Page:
Sources at the Distree XXL conference here in Monaco told TechEye that AMD has shipped a million of its Fusion chips so far.
But the big question remains how well AMD will be capitalise on the faux pas Intel made when it got the chipset wrong for its latest Sandy “Galloping Gertie” Bridge processor.
AMD’s advantage is that its Brazos APU chipset combo costs distributors about $100 or so, which they can then sell on with a $10 or so margin – that competes favourably with Intel’s Atom.
One big channel player told TechEye that he feared that AMD would fail to capitalise on the big advantage the Intel Sandy Bridges cock up gave the company.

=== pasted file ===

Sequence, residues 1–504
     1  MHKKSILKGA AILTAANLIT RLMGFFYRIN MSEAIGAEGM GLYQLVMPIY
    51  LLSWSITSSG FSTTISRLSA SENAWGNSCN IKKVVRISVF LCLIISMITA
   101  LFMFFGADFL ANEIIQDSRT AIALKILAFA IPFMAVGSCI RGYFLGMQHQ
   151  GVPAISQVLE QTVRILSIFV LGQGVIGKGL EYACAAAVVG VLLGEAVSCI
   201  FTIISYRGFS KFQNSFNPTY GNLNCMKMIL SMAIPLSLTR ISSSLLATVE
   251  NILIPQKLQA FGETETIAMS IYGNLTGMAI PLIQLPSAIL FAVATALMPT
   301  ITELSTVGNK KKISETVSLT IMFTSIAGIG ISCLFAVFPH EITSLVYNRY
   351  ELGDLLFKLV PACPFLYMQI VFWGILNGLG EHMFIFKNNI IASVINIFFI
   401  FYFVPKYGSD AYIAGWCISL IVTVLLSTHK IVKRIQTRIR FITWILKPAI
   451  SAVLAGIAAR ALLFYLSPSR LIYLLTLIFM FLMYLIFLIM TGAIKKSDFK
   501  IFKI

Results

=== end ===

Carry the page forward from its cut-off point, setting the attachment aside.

He said: “As far as I can tell, AMD has no strategy in place to take advantage of Intel’s cock up. How could that be?” AMD is also somewhat rudderless at the moment as it is looking for a replacement for Dirk Meyer, the CEO it ousted. So there is a feeling that it is thrashing about unsure how to capitalise on its opportunities.
While AMD’s Llano will start production in May/June, it’s unlikely we’ll see products using the Fusion microprocessor until September, the sources added.